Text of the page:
When Is the Right Time to Seek Treatment?

By The Fix staff 09/02/20

When it comes to getting help for drug and alcohol use, sooner is better.

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When you’re looking for a reason not to go to treatment, there are a million excuses. Photo 163726451 © Monkey Business Images | Dreamstime.com

Even during a global pandemic, many people feel busier than ever. The idea of putting your life on hold for 30, 60, or 90 days can seem impossible. Because of that, it’s easy to delay treatment for drug or alcohol addiction even when you know that you have a problem.

When you’re looking for a reason not to go to treatment, there are a million excuses. The kids need you home for the transition back to school. You’ll go as soon as you finish that big project at work. You’ll wait until being without you for weeks is more manageable for your spouse.

The truth is, there’s never a convenient time to go to treatment. In almost every instance, now is the right time to go to treatment — as soon as you accept that you need help and find a treatment center that meets your needs. Here’s why:

Addiction is a chronic, progressive disease.

Substance use disorder, commonly called addiction, is a chronic, progressive disease. Chronic conditions are those that last a year or more — generally for a long time. For many people, addiction and alcoholism are chronic conditions. That doesn’t mean that you’ll be living in active addiction forever, but it does mean that you’ll be managing this condition for the rest of your life, through steps like staying sober.

It’s also very important to recognize that addiction is progressive. Medically, that means it’s a condition that gets worse with time. If you found out that you had cancer or diabetes, you wouldn’t delay treatment hoping that you’d get better on your own — you would quickly take advantage of any treatment option available to you, and intervene before your disease got worse. You should approach addiction treatment with the same mentality.

Addiction is fatal.

It might seem dramatic to compare substance use disorder to cancer. But the truth is that, if left untreated, both are fatal diseases. Last year, more than 67,000 Americans died from overdoses. While opioids get a lot of attention, it’s estimated that an additional 88,000 Americans die each year from alcohol-related illnesses.

That’s more than 150,000 lives lost each year because of substance use disorder. If you recognize your drinking or using drug use has become problematic, you could be one of them. Getting treatment for substance use disorder can quite literally be lifesaving.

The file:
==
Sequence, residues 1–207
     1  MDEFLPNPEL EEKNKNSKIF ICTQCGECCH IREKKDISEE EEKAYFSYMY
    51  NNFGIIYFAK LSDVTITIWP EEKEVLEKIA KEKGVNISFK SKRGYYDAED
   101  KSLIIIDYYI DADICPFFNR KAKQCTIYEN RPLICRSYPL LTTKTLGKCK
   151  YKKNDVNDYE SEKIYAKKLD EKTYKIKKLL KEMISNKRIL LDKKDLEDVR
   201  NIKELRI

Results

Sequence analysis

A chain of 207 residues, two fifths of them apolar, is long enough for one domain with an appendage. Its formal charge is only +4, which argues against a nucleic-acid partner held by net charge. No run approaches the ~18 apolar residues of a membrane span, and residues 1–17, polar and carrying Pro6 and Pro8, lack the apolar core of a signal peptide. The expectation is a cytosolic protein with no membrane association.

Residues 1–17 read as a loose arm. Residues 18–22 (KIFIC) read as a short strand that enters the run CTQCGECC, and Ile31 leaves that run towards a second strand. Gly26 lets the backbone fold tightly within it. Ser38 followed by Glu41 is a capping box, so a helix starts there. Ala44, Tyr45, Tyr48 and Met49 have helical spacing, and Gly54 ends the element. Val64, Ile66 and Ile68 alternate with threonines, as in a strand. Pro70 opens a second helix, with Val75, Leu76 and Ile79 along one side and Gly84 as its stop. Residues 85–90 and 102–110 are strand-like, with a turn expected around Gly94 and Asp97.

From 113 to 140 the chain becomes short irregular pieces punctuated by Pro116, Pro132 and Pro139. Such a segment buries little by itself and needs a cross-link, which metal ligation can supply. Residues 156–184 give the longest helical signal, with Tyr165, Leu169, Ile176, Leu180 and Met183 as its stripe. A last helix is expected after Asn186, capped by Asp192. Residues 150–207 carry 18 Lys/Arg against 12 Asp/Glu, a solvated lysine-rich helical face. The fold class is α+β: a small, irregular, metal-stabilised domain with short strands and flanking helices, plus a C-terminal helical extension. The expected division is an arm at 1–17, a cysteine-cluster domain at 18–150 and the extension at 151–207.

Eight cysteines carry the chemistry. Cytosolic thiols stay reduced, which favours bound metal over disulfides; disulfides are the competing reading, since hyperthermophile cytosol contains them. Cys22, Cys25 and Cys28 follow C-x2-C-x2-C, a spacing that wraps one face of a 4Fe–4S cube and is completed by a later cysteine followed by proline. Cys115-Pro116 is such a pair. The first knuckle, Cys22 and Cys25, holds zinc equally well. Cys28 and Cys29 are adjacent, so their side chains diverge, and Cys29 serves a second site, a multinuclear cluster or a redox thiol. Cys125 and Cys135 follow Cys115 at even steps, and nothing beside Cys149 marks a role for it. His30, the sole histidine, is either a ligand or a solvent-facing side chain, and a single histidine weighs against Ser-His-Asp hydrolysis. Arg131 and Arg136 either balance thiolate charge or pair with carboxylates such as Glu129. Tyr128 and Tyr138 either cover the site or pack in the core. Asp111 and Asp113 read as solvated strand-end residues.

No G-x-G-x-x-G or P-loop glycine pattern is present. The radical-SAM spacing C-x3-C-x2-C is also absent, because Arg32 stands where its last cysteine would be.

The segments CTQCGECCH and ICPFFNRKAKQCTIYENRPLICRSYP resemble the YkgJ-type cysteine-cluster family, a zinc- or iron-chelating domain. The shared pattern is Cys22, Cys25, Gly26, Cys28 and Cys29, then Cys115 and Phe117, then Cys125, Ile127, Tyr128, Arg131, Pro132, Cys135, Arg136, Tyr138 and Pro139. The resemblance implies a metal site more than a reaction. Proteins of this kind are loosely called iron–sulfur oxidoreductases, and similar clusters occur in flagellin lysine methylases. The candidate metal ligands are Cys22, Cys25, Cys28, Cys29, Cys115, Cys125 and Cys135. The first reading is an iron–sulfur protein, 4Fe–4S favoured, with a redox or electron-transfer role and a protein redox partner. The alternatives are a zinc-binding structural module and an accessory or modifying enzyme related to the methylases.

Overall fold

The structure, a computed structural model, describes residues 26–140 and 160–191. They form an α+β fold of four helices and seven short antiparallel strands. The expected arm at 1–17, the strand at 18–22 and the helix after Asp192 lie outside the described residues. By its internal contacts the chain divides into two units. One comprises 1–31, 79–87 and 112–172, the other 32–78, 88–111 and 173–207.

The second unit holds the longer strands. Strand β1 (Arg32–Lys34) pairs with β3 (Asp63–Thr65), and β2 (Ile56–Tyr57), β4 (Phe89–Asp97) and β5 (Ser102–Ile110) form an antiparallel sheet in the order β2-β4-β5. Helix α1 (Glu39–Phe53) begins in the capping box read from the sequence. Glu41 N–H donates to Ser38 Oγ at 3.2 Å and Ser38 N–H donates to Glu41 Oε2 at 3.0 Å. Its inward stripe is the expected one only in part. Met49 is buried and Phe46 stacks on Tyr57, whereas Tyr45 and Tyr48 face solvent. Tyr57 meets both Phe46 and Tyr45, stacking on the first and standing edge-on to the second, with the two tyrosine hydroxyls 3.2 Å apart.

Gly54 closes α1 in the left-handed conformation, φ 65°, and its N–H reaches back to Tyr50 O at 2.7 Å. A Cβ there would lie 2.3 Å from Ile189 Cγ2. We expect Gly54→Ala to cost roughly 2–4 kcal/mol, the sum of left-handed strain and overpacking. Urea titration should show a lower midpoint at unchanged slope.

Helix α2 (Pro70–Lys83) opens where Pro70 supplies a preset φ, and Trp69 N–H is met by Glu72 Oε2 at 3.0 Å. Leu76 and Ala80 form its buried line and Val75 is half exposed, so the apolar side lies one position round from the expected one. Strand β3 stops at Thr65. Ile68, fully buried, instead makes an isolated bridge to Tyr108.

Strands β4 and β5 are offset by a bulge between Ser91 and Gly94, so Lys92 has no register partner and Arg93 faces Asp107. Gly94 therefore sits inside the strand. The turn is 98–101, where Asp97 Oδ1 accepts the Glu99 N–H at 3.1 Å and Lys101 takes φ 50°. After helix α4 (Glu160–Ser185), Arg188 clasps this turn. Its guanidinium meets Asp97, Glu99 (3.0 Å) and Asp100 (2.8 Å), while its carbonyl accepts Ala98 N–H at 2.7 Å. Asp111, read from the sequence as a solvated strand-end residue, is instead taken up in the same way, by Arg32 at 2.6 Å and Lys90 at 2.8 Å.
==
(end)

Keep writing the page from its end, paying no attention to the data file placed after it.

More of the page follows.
Acting now can save your reputation and relationships.

It’s true that addiction is progressive on a physical level — as you use a drug or alcohol your body will need more and more just to function normally. This is known as dependency. But addiction is also progressive in the way it affects your relationships.

As your addiction grows and becomes more powerful, it begins to have consequences in your life. You might be late from work; “borrow” money from a loved one to fund your habit; or miss your child’s birthday. Each of those actions chips away at the relationships that you have. Over time, there may be nothing left to lose.

On the other hand, going to treatment builds relationships. It not only prevents you from doing further damage to the people who you love and respect, but it also shows them that you are taking responsibility for your actions. The work that you do in treatment can help you build thriving relationships in the real world.

There used to be a saying that people needed to hit rock bottom before getting treatment for their addiction. However, that’s a dangerous approach — rock bottom could be death or the loss of everyone you love.

Getting into treatment now, rather than waiting, is one way to fight back against the disease of addiction. It shows that you are able to take control of your illness and do the necessary actions to repair your life. Delaying treatment is a losing gamble — and in almost every case things will get worse before they get better. You have nothing to lose — and lots to gain — by enrolling in treatment today.

Learn more about Oceanside Malibu at http://oceansidemalibu.com/. Reach Oceanside Malibu by phone at (866) 738-6550. Find Oceanside Malibu on Facebook.

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